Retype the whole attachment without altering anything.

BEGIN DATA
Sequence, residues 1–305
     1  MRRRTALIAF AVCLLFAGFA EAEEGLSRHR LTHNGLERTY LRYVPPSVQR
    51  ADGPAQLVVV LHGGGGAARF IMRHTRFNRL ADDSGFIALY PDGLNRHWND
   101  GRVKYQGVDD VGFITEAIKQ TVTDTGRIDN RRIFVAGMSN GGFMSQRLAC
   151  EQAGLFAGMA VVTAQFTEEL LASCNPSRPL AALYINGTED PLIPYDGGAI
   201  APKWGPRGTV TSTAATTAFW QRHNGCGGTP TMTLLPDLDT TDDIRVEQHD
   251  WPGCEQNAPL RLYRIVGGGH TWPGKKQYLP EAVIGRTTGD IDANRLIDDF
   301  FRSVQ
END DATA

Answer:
Sequence, residues 1–305
     1  MRRRTALIAF AVCLLFAGFA EAEEGLSRHR LTHNGLERTY LRYVPPSVQR
    51  ADGPAQLVVV LHGGGGAARF IMRHTRFNRL ADDSGFIALY PDGLNRHWND
   101  GRVKYQGVDD VGFITEAIKQ TVTDTGRIDN RRIFVAGMSN GGFMSQRLAC
   151  EQAGLFAGMA VVTAQFTEEL LASCNPSRPL AALYINGTED PLIPYDGGAI
   201  APKWGPRGTV TSTAATTAFW QRHNGCGGTP TMTLLPDLDT TDDIRVEQHD
   251  WPGCEQNAPL RLYRIVGGGH TWPGKKQYLP EAVIGRTTGD IDANRLIDDF
   301  FRSVQ